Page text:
Watain’s ascent into the black metal elite has been a gradual, reverential one, both offering absolute loyalty to the original, transgressive spirit of black metal, but also an ongoing realisation of what sets them apart.
“The scene when we started, “Erik recalls, “was a very prestigious movement you could not just beat your way into and do what the fuck you wanted. You really had to live up to your words. We were patient in gaining our position and we worked hard to become a part of all this, and the more that happens and the more you achieve and the more that you feel that you have more to give than most other bands around you, the more of a stance you take, that hey, no-one else is doing anything, let’s fucking show them how to do this. For us what Mayhem did was something great to build out from, not just something to live up to, and that is what is lacking. This revolutionary aspect of black metal that happened in the first and second wave of it has sort of gotten lost.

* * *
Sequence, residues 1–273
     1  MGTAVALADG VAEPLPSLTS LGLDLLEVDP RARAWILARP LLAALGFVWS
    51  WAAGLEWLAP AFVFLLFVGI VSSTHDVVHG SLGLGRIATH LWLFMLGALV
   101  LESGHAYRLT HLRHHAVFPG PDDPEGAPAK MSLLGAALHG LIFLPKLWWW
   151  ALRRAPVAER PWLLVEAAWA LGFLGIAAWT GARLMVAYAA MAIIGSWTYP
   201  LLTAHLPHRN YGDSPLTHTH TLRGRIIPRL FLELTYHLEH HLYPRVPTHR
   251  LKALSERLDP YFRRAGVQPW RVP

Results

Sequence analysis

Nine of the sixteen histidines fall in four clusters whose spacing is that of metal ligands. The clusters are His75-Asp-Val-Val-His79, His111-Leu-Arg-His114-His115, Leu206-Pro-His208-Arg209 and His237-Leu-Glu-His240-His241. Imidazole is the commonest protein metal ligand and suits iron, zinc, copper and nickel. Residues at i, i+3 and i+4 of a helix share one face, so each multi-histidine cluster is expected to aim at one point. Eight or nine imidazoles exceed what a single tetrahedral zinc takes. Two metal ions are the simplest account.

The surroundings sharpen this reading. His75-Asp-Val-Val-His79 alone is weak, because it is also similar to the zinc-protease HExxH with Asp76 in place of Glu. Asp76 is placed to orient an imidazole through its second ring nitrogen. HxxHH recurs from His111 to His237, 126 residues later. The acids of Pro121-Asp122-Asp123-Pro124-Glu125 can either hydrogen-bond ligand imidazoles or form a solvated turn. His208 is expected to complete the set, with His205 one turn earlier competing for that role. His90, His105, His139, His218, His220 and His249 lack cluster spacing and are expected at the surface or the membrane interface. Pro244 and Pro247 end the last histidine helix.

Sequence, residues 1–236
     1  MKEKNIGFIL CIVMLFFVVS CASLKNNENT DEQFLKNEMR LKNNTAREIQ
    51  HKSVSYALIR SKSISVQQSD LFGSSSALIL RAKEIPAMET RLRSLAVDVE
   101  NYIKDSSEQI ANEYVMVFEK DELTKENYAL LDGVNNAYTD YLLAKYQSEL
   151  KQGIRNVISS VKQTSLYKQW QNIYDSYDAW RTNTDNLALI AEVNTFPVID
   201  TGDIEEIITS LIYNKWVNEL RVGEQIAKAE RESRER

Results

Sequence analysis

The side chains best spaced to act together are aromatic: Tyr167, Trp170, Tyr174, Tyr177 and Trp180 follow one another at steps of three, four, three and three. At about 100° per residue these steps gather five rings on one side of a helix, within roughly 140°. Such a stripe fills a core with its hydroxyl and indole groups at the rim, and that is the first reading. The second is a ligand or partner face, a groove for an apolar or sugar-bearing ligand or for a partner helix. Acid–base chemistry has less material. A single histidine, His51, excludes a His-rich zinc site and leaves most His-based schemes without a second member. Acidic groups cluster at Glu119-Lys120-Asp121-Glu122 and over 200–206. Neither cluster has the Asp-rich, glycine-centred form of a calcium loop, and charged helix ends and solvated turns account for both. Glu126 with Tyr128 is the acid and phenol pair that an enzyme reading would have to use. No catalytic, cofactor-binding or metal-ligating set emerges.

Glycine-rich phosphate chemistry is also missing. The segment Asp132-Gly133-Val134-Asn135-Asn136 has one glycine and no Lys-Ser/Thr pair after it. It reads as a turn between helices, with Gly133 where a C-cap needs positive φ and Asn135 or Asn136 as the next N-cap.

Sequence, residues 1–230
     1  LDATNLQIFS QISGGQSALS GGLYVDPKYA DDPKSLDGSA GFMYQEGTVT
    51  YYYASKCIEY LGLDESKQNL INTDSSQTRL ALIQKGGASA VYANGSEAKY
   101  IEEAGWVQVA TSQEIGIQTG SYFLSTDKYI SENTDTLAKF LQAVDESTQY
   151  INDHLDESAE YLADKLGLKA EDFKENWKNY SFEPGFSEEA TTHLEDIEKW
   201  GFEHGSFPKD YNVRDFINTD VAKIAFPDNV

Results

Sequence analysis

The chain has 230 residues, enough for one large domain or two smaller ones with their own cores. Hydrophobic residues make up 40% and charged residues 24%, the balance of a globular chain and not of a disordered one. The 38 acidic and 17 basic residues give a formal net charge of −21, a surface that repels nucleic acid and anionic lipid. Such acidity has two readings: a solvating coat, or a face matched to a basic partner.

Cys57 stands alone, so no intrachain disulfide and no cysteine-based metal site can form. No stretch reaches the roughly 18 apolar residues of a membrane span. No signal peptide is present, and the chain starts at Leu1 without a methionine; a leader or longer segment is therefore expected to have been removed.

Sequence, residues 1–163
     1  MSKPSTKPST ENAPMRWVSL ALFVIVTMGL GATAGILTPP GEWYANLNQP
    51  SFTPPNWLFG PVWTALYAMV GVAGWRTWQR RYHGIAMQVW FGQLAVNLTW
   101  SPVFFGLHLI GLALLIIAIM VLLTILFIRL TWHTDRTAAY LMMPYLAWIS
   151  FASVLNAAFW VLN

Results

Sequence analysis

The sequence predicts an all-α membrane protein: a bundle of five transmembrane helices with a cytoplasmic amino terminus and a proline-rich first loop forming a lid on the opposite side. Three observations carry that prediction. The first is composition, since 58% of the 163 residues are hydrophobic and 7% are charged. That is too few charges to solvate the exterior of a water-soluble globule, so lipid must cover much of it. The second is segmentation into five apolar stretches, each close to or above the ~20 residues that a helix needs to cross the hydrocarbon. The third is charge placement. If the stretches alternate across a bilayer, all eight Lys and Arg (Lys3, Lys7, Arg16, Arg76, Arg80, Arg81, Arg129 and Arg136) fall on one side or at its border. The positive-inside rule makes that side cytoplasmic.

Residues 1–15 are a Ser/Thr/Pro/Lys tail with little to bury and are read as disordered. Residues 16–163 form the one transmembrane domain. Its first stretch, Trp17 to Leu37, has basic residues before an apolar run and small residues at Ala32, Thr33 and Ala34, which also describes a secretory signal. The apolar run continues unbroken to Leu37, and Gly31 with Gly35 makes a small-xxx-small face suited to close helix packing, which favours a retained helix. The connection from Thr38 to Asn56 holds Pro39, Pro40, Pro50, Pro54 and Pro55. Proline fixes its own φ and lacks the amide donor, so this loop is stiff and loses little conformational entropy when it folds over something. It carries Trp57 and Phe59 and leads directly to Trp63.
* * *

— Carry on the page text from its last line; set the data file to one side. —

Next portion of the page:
“We’ve been around for a while now, so I can say without being shy about it that we must belong in the upper realms of the black metal hierarchy. For us, there’s no other option. We cannot just sit around in the shadows waiting for something to happen, we must aim for the lowest depths.”
Rather than bury themselves in insular, illegible missives from the safe haven of the underground, the path Watain have travelled upon has been a search for clarity and forbidden knowledge (‘Make my torch into a furnace, so that I can see the secrets clear’), a devotional Satanism that isn’t reduced down to mere potshots at Christianity or Anton LaVey-style withering commentary on human foibles, but rather one that opens up into a resolute, voracious quest for the far recesses of existence, to read the writing on its walls and then to break on through to the beyond. ‘No Return’ reads the legend on the cover of 2007’s Sworn To The Dark – only their third full-length over the course of a decade – and there’s an unwavering commitment within Watain’s music that drives it on, suffused in tangibly twilit atmosphere, but also willing to spell itself out, lashing the ferocious melody of Dissection to verging-on-anthemic, brilliantly constructed songs, all fearless pilgrimages, at once meticulous and unfettered in their full-force conviction.